“You’ve grown a little, Amerei. I… know that’s a little hackneyed to say, but it’s true.”

“Yeah, except I’ve grown in all the wrong places!” Amerei complained. “I… I thought maybe I’d at least fill out in my hips a little, but… but I’m just a tall little girl and it’s fucking stupid because Myrtle had hips when she-”

Amerei stopped herself. She’d let herself open up to Yugen far too early. All he’d said was a stupid ‘how you’ve grown’ thing; Granddad Morris and Grandma Mara would always say that when they had nothing better to say.

“…hmph, what’s it to you anyway?”

“I was simply remarking upon it. I… actually did a little research on who your father could be, if you’re interested.”

“Fuck my father. My father’s an idiot who left me behind.”

Yugen’s face seemed genuinely pained. “…I see. Well, I hadn’t found anything conclusive anyway. I… I just thought it was a nice gesture.”

“Well, uh, why are you bothering being nice to me anyway? I heard you and mother arguing in there, you know I did! Mother wants you dead and you were threatening to have a war with us! You’re mean and I hate you so why would you ever want to be nice?”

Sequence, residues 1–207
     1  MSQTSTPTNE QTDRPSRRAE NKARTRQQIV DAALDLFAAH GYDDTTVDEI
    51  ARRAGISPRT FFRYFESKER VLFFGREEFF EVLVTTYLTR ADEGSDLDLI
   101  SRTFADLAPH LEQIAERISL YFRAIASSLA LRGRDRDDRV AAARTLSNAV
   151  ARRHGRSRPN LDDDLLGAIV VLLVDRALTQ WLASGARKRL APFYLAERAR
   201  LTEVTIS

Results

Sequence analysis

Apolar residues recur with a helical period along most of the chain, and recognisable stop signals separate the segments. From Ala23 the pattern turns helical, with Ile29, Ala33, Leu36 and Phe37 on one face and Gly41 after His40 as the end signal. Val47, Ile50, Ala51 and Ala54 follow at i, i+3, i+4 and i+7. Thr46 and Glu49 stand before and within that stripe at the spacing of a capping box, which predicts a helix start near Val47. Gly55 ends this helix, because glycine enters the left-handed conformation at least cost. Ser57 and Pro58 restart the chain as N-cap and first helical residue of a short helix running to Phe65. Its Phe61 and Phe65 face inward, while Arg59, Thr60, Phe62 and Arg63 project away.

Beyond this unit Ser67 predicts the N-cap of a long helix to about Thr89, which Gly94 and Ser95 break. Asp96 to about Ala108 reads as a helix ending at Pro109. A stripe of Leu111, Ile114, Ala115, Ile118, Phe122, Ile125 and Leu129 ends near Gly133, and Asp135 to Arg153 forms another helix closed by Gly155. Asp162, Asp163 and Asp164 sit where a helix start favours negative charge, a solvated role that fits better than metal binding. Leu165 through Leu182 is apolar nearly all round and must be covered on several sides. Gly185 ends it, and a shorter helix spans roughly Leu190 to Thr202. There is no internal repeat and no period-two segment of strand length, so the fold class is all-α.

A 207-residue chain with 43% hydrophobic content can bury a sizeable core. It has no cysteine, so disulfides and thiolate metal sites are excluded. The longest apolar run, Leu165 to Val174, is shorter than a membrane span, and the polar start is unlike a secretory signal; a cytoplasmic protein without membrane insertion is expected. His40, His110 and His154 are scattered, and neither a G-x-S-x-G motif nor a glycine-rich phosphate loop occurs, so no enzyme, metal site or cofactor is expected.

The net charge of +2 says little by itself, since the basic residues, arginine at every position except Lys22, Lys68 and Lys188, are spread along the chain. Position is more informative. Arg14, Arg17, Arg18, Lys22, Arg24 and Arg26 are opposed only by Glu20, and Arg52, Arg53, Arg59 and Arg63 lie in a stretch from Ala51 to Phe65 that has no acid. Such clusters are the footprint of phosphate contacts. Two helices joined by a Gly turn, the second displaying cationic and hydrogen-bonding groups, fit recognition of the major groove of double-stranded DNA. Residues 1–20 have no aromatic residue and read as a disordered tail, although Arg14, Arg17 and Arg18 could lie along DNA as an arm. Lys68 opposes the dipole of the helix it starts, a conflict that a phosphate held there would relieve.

Yugen tented his fingers together as they made a turn towards a large set of market stalls. “Amerei, something you have to remember about politics is it’s not always about pretending to be nicer than you actually are. Sometimes you have to pretend to be meaner than you actually are too.”

“Why?” Amerei asked. “Is it ‘cause-”

“Wait, so all that shit about killing me and starting a war was a bluff?” Seamus cut in. “You scheming, weaselly little bastard. I have a good mind to tell Lady Gemfire everything!”

“Oh, it wasn’t a bluff. I’m just willing to do things I don’t morally agree with to get the job done. If I was just my person, I wouldn’t be so liberal with my threats. But when I’m in that council room, Sir Whitewood, I’m not just Wisdom Yugen. I’m the Daemonwings, I’m the city of Parakos, I’m her citizens and her armies. Now, Amerei, what were you saying?”

Amerei was taken aback. She looked at the keffiyeh-clad, hunched-over man with a strange sense of awe. He actually pretended that Amerei had something worthwhile to say. She swallowed and shook her head.

“It was… it was something stupid, it doesn’t matter.”

“No, it isn’t something stupid,” Yugen insisted. “What were you going to say?”

“I was just gonna ask if you have to pretend to be mean because mean people are the ones that win all the time and you want to look like a winner sometimes…”

Yugen mussed Amerei’s hair with a sweaty hand. “It’s… quite like that, yes. Sometimes, kindness and reason are what’s required to sway a person, saying what they want to hear, all of that. But sometimes, if a person is trying to take something from you, or isn’t giving you your due, you need them to know that you’re not willing to take it lying down.”